"Etruscan delights" Top 5 Page for this destination Volterra by iandsmith
Volterra Travel Guide: 193 reviews and 477 photos
It was the museum. Touted as one of the finest Etruscan places of memorabilia I had pencilled it in on my itinerary.
The biggest frustration initially was just getting there. I actually gave up on my first attempt, continually frustrated by the lack of signage at key intersections, and went to Siena instead.
When I eventually made it my time was sadly limited but, while I was there, it did not disappoint.
Set just too far west for the normal tourist bus trade this is a hilltop town you can wander without the teeming throng of so many other better publicized places.
In the Guarnacci Museum I was surprised to find Iron Age artifacts, recently unearthed when they were trying to put a lift in to facilitate handicapped access and dug beneath the museum floor to discover historical artifacts no-one knew existed!
Another reason to go is the alabaster, the stone out of which the funary objects are carved.
Once the stone of the gods, the Etruscans were the first to carve alabaster for their cinerary urns.The beautifully sculptured urns portraying the recumbant deceased and scenes of everyday life , fantasic journeys to the world beyond and well-known episodes from Greek mythology are housed in the Guarnacci Museum in Volterra, the Archeological Museum in Florence, in the Vatican Museum, the Louvre and the British Museum.
The Etruscans chose the highest quality pure alabaster which they painted with minerals and sometimes decorated with a very thin layer of gold.
Very few artefacts from the Medieval and Renaissance periods have been found which suggests that alabaster was seldom carved during that era.
The alabaster craft was re-established in the 17th century and flourished at the beginning of the 18th century as skilled artisans and sculptors launched the reproduction of classical art and high quality artefacts renowned throughout the world.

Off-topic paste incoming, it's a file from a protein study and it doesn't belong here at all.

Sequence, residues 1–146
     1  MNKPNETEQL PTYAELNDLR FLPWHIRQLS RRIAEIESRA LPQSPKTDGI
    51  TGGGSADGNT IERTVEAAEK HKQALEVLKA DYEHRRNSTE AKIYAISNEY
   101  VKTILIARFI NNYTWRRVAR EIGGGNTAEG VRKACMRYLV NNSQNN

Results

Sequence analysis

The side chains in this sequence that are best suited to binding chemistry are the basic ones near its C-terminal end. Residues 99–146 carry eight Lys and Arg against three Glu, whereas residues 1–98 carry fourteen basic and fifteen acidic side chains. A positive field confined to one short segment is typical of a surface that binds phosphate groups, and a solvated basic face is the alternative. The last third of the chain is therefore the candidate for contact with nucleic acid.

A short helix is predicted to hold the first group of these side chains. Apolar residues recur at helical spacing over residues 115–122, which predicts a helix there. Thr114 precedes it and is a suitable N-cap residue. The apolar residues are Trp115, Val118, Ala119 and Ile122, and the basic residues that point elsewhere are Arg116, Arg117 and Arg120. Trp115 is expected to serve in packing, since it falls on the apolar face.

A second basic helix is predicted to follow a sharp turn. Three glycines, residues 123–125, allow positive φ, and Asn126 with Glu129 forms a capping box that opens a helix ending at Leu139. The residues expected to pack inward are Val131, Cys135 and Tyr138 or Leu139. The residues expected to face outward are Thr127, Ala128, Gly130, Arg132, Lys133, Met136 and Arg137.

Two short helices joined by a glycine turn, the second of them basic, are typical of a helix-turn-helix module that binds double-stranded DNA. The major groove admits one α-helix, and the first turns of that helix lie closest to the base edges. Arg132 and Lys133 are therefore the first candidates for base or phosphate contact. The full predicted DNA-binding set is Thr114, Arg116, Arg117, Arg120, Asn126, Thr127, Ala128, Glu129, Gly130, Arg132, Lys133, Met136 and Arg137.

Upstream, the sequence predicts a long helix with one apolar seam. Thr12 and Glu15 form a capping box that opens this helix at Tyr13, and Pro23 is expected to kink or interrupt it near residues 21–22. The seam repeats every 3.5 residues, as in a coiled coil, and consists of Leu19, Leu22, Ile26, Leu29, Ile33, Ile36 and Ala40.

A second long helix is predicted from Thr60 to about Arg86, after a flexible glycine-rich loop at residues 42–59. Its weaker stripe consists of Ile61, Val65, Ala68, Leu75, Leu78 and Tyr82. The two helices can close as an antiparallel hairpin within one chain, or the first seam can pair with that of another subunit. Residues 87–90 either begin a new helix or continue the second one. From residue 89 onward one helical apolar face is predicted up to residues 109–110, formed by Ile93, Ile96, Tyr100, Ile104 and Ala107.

In 1780 the Grand duchy of Tuscany registered 8 or 9 artisan workshops in Volterra. In 1830 the number had risen to more than 60 thanks to the innovative spirit of the “travelling crafstsmen” who travelled the world selling their wares, opening shops, taking part in fairs and auctions.
A noble Volterran, Marcello Inghirami Fei, a talented artist and craftsman was the first to extract alabaster from the mine in Castellina. He created new machinery, exclusively produced high quality artefacts and created a prestigious school-workshop where more than a hundred students under the guidance of skilled masters had the privelage of learning the art of the alabaster craft.
Hence until 1870 the alabaster craft flourished and harvested an excellent repute in Italy and abroad.
Yet despite long intervals of regression, the alabaster industry has continued to conserve the age-old tradition of the craft. Alabaster may no longer be the main source of the economy but it is still a distinctive feature of the culture and history.
Today, there are but a few alabaster workshops in the historical centre but those which remain have been entrusted with the preservation of this ancient tradition and the creative evolution of the craft.
- Pros:Far less tourists, plenty to see
- Cons:Lack of road signs on how to get there
- In a nutshell:I'd sooner spend time here than the nearby San Gimignano
Strolling the hilltop park we, at times, were beside some Etruscan excavations. Unfortunately for us they were fenced... more travel advice
Oh, yes they do. O.K. so maybe they use a few electrical tools but I can attest that the hand finishing is just that,... more travel advice
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- "Etruscans rule!"
- "Bogu iza nogu"
- "Volterra: The Etruscan Town"
- "Etruscan delights"
- "Remembering 30 years ago!"
- "Beauty of old villaggio"
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